The plans were for the Allied front to be split open by a hard and quick blow dealt to the Americans by thirty new and rebuilt German divisions. These, in Hitler's view, could make only a minor difference on the Eastern Front. Crossing the river Meuse quickly and striking for Antwerp, the Germans could cut off and destroy the 1st Canadian, 2nd British, and 8th and 1st American armies. Such a blow would change the whole situation in the war. Either the enemy coalition would break or, at the very least, the victory in the west would make a massive shift of troops to the East possible.
1 of 7
General Heinz Guderian, the army Chief of General Staff, objected to the whole idea of employing Germany's last reserves in the west. However, Hitler hoped to be done in the west before the anticipated Soviet winter offensive could start. Guderian, who was charged with opposing the Red Army’s coming winter offensive in the east, did not want any offensive to take place in the west, but rather argued for the reinforcement of the Eastern Front, including Hungary.
2 of 7
What Hitler referred to as a ‘second Dunkirk’ inflicted on the British would, even if accomplished, hardly relieve Germany of major pressure in the West. All debate in the ensuing weeks focused on the details, not the wisdom, of the planned operation.
3 of 7
Hitler's view of the Americans as incapable of fighting effectively and of the American home front as likely to crack under a heavy blow at the front reflected his long-held perception of the United States. There is no evidence that Hitler realized - or that a single one of his military advisors pointed out to him - that, of all the major belligerents, the United States was the one which up to this point had been least damaged by the war and had by far the greatest recuperative powers. Even a major defeat was less likely to have a serious impact on the American war effort.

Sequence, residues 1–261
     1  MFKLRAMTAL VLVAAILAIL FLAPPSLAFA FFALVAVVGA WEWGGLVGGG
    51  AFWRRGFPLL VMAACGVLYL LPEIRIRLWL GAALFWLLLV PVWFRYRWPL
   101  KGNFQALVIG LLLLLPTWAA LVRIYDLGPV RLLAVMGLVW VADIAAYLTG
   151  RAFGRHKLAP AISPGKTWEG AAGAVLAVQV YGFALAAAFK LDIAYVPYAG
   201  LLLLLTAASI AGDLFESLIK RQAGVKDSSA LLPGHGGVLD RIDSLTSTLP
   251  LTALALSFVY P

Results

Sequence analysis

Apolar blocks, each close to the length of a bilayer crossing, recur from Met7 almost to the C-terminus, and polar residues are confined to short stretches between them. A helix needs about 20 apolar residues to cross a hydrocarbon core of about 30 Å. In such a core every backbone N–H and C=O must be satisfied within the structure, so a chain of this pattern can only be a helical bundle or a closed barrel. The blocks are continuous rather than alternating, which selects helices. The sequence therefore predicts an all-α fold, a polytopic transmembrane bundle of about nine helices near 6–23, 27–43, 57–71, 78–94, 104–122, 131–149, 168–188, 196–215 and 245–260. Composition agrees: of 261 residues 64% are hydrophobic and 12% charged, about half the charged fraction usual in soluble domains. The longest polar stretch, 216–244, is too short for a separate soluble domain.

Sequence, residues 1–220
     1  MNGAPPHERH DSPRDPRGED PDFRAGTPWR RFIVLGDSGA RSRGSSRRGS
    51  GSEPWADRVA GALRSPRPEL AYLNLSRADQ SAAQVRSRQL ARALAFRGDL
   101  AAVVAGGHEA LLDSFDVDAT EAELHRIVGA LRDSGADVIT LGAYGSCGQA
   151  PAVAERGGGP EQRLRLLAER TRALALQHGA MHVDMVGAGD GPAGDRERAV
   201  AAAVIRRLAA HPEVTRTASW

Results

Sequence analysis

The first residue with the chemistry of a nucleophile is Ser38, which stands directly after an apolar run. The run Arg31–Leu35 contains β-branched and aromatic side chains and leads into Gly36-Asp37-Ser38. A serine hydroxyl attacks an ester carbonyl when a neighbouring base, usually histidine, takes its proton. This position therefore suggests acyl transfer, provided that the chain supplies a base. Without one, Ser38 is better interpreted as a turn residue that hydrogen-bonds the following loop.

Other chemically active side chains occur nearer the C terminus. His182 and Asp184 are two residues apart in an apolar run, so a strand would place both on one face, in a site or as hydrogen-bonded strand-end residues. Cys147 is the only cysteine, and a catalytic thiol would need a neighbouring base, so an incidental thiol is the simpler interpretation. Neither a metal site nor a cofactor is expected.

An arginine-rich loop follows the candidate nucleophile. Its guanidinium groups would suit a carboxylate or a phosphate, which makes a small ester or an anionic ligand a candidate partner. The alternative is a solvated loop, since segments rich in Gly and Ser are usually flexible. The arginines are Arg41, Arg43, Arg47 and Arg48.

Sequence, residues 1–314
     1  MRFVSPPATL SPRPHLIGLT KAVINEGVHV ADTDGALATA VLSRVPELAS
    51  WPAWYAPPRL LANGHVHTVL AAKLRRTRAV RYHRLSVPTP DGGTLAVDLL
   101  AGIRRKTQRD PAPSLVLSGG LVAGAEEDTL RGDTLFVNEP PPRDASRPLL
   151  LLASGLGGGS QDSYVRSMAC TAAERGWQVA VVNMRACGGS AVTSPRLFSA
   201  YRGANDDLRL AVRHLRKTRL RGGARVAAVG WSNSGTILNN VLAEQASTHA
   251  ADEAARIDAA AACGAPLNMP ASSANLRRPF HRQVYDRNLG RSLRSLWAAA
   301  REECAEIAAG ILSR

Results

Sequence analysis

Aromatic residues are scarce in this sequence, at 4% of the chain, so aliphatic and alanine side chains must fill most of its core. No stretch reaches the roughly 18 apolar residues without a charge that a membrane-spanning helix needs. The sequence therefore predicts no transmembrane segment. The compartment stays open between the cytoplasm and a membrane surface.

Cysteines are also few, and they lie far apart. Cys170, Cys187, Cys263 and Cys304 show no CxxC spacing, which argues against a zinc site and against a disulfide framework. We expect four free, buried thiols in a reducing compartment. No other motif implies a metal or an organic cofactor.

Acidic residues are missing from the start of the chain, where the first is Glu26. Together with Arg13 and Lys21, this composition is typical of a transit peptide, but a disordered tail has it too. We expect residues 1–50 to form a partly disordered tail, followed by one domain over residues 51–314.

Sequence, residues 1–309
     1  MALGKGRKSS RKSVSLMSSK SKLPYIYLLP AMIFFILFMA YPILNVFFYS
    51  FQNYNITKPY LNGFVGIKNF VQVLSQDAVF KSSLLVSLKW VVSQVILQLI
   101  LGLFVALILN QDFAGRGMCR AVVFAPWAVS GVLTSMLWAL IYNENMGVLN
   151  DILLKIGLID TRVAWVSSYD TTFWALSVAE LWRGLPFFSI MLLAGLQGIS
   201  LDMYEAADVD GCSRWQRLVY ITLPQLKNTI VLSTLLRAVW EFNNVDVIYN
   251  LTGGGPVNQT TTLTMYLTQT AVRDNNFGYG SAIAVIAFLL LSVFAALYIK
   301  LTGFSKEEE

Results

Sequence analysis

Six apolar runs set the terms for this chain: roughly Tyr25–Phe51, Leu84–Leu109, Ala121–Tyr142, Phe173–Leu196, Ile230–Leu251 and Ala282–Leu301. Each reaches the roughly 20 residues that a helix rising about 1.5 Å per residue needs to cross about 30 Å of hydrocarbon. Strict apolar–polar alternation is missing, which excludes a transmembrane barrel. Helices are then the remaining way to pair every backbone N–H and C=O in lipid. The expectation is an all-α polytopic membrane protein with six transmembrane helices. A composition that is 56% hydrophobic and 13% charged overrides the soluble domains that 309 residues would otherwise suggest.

4 of 7
The commanders in the west, Field Marshals Gerd von Rundstedt and Walter Model, preferred an offensive with more limited objectives. But they could never explain why Germany's last reserves should be expended on such an operation. Rundstedt, Model, Manteuffel and other generals in the west wanted a limited Ardennes offensive that knocked the Allies off balance. This would give the Germans the chance to rationalize the Western Front and protect the Ruhr.
5 of 7
The divisions assigned for the attack were being rebuilt or organized and moved to the front with careful attention to concealment, the commanders of divisions were being harangued by Hitler, and the last preparations made. The main thrust was to be made by the 6th SS Panzer Army to the north and 5th Panzer Army to the south, with 15th Army providing flank support on the right and 7th Army on the left.
6 of 7
When the preparations were made and bad weather arrived, some 200,000 German soldiers and 600 tanks, supported by about 1,900 guns, attacked. The front was held by approximately 80,000 American soldiers, 400 tanks, and 400 guns.
7 of 7
The OKW began pulling SS and army Panzer divisions off the Western Front, including both the Sixth and Fifth Panzer Armies. Albert Speer’s industrial empire was still producing considerable amounts of military equipment, while convalescent soldiers and new conscripts filled up the ranks. The Luftwaffe received the task of protecting the major Rhine bridges lying behind the Ardennes.
- Gerhard L. Weinberg, A World at Arms A Global History of World War Two, Cambridge University Press, Cambridge, 1994
- Andrew Roberts, The Storm of War A New History of the Second World War, Penguin Books, London, 2009
- Williamson Murray, Allan R. Millett, A War To Be Won Fighting the Second World War, Belknap Press, Cambridge, Massachusetts, 2000